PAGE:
Their discussion of solutions dwells mostly on promoting employee-owned businesses, an odd focus. Such enterprises pay their executives less than typical corporations do, and Wilkinson and Pickett believe that their workers therefore have lower status concerns and less stress. Such workers may be more sympathetic to economic redistribution. But there is no logical reason why such businesses would beggar their neighbors any less than other businesses do, and this program hardly seems sufficiently muscular to bring American inequality down to Finland’s level.
As I pointed out at the top, if the authors took their analysis literally, they might suggest direct manipulations of inequality: send the richest people—or, probably more efficiently, the poorest people—out of the country or the state. Inequality would go down and well-being would go up. Alternatively, leave the inequalities as they are, but devise ways to hide them from people—censor the media, say (no more Lifestyles of the Rich and Famous)—so that people do not know their relative positions. That should, according to The Spirit Level, bring down crime, disease, obesity, and so forth. The authors do not go in these directions, and these are, of course, not plausible solutions in a democratic society. But they are the logical implications of The Spirit Level’s explanation.
There are more productive avenues they might have considered. The authors eschew economic growth to lift the poor because their data suggest that national wealth is not as critical as national inequality in affecting health, because growth might preserve or even expand inequality, and because growth violates their green principles. Further economic development in developed nations, they assert, is an exhausted route to greater well-being. Most economists, I am sure, would disagree. Most politicians, I suspect, would consider the dismissal of economic growth a wrong-headed strategy for electoral victory.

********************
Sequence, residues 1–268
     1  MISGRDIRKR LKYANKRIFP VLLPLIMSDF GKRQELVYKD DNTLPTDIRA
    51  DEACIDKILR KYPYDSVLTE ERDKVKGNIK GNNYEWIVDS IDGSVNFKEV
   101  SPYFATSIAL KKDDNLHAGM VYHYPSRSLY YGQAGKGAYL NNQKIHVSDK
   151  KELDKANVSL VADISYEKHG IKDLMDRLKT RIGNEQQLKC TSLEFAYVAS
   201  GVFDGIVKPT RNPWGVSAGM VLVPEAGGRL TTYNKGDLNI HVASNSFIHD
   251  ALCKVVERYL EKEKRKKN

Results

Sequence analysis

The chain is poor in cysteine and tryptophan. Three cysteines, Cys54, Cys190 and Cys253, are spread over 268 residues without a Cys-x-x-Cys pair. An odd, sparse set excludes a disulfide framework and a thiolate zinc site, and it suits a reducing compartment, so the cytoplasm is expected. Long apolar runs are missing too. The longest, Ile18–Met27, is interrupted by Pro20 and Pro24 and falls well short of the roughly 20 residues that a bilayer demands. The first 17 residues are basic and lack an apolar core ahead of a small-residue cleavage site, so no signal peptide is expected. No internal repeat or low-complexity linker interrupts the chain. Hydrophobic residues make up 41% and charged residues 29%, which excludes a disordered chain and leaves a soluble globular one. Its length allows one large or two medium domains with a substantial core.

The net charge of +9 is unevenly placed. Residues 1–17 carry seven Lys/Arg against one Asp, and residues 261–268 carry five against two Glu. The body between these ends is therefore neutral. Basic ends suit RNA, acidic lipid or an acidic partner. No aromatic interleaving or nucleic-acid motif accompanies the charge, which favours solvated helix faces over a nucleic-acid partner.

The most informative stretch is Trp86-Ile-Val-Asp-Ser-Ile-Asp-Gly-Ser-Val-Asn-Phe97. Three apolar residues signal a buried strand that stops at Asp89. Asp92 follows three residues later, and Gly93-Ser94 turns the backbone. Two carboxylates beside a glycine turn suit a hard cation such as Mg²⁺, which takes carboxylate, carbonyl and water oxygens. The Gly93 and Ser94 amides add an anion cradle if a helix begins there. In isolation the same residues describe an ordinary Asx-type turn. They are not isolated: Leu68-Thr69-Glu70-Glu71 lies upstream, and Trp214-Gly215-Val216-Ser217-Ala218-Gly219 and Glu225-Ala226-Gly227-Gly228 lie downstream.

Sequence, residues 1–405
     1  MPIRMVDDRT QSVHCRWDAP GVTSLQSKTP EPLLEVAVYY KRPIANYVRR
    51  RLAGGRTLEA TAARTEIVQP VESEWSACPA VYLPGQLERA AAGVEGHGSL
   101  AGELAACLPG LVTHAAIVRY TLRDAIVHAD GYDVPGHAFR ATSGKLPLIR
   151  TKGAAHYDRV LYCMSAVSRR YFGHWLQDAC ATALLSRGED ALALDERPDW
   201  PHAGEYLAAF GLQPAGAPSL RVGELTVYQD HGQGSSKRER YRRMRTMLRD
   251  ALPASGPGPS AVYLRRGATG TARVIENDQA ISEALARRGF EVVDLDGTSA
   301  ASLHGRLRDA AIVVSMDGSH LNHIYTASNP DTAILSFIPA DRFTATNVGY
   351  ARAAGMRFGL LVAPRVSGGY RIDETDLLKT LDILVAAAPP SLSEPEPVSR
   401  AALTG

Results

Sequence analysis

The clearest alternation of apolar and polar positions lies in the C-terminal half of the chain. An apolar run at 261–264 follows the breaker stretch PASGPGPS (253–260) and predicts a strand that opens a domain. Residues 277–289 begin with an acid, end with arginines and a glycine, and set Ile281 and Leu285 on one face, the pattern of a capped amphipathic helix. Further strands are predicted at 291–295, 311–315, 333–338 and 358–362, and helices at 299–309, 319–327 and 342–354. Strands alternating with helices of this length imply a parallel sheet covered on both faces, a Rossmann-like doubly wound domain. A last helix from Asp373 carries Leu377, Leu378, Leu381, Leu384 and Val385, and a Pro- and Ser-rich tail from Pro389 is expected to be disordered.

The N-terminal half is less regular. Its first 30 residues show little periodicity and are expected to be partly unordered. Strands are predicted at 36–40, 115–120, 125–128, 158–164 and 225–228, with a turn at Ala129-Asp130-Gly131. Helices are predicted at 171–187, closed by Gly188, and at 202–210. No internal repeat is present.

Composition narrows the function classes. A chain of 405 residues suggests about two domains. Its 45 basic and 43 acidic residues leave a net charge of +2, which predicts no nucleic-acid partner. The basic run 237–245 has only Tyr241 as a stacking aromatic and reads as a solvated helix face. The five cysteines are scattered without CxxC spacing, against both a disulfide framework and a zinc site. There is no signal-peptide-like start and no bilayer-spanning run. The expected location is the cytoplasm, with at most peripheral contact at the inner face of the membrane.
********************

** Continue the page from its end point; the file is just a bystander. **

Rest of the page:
Similarly, Wilkinson and Pickett pay little attention to Robin Hood–like redistribution, which would attack inequality more directly (although not as directly as exiling the rich). Maybe they consider that program too obvious to expound upon, or perhaps too politically difficult to attain, or too tied into the very status concerns and materialism that explain why inequality gets “under the skin.”
And there is little, if any, consideration in The Spirit Level for another strategy, one that tackles the specific difficulties of heterogeneous societies straight on: providing public goods in lieu of directly reducing inequality. National health insurance is one such public good; universal pre-school is another. The public, universal provision of water and sewer systems about a century ago did more than any other program to extend Americans’ life spans in the last several generations. Proponents argue that such universal entitlements—Social Security and Medicare being the major examples—evade Americans’ resistance to “hand outs” and to explicit “leveling,” and therefore have the highest chances of political success.
There is probably no way to avoid the heavy political lifting involved in channeling economic growth—yes, it will return—more equitably. Given this, and The Spirit Level’s occasional overconfidence, it might seem easy to discount the book. But Wilkinson and Pickett make a valuable contribution in enthusiasm and evidence, both of which will help fuel any effort to squeeze down the widening inequalities of our era.